Wherever you are is the right starting point for you and your family. There is no "wrong" time or place to begin the journey to better health. Here are a few tips from our advisors to keep in mind along the way.
Our kids look to us for guidance and it's our job to help them learn how to make good choices. We need to set limits and raise expectations in order for our kids to live healthier lives.
Remember, you know your family better than anyone else. Where you lead, they will follow. If your kids are competitive, challenge them to a family "food fight" that charts your family's daily consumption of fruits and vegetables and let the winner pick a fun non-sedentary activity for the whole family to enjoy that week like a trip to the zoo.
Make sure that healthy fruits and vegetables are cut and ready for immediate consumption. Serve vegetables with a healthy dip, like hummus. as an appetizer before mealtime. And keep dance videos, jump ropes and other easy-to-use exercise equipment visible and accessible to all.
Think Healthy Behaviors, Not Weight
We can't expect our kids to focus on healthy living while our sole focus is on the scale. It's important to incorporate weight into discussions about overall health and making good choices for our bodies.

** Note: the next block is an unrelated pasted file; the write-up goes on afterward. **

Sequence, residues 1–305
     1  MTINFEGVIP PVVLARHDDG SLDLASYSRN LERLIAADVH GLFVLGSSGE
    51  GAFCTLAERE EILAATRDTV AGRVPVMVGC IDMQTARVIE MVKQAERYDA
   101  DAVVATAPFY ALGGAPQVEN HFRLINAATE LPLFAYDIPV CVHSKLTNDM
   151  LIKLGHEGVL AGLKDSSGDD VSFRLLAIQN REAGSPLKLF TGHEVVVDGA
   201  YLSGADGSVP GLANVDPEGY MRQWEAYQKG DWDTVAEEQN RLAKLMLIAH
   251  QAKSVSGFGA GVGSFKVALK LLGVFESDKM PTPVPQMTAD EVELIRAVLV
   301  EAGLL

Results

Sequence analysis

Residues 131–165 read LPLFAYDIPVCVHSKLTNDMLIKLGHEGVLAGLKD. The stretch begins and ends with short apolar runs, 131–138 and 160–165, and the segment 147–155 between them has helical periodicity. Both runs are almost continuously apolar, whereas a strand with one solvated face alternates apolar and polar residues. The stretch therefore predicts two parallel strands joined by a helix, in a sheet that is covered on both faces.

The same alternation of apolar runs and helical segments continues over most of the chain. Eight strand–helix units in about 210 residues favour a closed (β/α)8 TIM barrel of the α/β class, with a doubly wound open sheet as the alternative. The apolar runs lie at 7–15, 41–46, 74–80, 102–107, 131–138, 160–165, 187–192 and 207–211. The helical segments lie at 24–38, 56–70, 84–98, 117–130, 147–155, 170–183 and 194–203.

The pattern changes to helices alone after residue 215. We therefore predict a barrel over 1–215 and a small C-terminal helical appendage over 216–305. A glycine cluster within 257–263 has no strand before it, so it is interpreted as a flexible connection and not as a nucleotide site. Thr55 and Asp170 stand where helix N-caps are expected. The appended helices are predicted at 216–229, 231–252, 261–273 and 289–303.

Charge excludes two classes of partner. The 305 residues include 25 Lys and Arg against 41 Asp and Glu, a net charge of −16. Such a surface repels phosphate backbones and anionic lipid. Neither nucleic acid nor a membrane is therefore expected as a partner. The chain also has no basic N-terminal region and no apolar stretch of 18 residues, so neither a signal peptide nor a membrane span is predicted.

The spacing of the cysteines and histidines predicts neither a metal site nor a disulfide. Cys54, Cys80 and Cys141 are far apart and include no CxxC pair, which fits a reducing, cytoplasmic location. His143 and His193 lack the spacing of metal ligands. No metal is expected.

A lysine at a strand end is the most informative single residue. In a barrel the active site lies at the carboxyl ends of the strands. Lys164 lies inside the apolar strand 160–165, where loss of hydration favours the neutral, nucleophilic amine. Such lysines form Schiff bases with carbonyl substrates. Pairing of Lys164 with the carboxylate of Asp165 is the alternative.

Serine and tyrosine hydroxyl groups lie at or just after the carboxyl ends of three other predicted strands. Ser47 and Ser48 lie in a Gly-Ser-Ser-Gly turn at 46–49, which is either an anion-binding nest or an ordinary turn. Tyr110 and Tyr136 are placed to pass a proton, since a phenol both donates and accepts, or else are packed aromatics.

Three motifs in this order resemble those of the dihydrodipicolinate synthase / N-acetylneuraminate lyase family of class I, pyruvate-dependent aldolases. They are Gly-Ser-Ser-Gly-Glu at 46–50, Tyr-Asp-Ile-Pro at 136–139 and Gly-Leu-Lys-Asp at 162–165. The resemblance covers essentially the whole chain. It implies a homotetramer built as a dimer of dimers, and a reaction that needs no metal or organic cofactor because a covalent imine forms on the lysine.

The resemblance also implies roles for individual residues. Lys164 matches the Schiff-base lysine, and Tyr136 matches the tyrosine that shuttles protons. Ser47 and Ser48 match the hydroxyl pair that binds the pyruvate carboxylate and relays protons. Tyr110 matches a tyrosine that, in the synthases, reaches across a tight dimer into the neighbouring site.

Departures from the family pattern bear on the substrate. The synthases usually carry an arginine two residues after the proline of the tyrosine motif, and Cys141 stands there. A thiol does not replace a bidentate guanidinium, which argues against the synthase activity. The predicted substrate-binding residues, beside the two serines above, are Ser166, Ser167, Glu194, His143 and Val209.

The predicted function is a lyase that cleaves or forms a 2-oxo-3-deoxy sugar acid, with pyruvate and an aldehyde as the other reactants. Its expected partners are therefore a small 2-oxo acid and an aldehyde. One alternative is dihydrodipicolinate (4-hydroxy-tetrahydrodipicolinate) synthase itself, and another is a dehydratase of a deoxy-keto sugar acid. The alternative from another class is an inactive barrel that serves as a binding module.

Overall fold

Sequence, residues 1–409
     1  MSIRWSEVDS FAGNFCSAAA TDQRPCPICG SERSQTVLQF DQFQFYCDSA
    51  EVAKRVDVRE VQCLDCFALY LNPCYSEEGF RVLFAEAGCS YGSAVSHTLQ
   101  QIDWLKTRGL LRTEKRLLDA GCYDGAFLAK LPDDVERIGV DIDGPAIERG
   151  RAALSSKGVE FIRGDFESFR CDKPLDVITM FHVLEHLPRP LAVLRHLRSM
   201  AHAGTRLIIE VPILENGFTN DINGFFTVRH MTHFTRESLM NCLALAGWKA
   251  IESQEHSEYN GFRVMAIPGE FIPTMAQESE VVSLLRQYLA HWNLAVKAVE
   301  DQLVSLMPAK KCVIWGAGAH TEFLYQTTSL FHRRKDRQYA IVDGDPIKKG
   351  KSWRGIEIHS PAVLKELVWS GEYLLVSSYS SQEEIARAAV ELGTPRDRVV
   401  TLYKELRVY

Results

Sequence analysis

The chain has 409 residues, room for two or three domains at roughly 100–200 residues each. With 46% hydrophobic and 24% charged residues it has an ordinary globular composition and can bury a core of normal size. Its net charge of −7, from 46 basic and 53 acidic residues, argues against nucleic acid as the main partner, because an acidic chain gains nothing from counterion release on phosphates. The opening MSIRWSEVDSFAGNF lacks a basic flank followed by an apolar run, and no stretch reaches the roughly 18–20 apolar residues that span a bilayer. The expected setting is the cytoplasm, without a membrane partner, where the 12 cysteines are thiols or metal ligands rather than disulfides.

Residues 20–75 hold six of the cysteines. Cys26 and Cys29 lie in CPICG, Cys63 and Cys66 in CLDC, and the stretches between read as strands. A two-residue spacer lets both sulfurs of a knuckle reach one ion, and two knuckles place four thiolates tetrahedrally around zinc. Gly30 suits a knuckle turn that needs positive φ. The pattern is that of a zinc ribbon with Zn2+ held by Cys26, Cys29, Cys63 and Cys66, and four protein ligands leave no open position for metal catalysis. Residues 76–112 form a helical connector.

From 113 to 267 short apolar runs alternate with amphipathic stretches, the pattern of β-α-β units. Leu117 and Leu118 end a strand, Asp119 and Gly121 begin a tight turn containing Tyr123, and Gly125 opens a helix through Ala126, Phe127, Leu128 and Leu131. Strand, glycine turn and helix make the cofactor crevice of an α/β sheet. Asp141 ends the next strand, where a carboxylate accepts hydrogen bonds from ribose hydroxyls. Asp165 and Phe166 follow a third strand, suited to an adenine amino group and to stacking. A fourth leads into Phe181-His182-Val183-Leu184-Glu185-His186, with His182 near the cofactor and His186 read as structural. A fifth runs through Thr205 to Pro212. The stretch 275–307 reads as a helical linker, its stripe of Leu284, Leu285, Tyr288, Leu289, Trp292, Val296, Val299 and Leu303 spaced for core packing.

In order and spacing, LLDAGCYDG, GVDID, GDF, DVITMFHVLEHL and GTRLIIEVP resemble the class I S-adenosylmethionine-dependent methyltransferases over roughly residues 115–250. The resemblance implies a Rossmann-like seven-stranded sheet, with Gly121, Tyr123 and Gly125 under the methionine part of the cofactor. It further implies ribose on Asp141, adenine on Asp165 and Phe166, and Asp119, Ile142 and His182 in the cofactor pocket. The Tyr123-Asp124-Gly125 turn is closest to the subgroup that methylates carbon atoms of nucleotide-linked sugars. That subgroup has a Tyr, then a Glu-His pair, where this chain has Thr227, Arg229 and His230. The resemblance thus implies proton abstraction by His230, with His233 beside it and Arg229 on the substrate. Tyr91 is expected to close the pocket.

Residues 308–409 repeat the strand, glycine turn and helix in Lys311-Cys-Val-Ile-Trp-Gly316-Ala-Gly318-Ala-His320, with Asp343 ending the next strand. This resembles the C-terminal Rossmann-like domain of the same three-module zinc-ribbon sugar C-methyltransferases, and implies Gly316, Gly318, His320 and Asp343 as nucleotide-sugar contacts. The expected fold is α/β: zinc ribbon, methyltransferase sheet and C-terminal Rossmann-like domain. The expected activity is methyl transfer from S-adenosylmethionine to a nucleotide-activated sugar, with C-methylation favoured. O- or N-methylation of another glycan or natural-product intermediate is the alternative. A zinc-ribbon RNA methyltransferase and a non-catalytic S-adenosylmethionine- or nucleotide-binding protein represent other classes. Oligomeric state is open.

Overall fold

Forget special diets
What's good for one is good for the entire family. There is no need to have one family member on a restrictive diet. Find healthy food options capable of satisfying the entire family.
Promote the Positive
Catch your kids doing something right and applaud their efforts. That's the key to success in addressing weight-related health challenges, according to mental health professionals.
Don't Become the Food Police
Don't ask your child if they really "need" another piece of cake. Teach them to self-regulate by paying attention to their body's signals, like feeling full. Experts warn against restricting certain foods, which often leads to binge or closet eating in children. Focus on portion control instead.
Do the Right Thing
Our kids do as we do, so make sure you model the behavior you are seeking. A parent who says, 'Go get some exercise' while lying on the couch" is not likely to meet with success Eat your vegetables, drink plenty of water and take the stairs... Remember, where you lead, they will follow.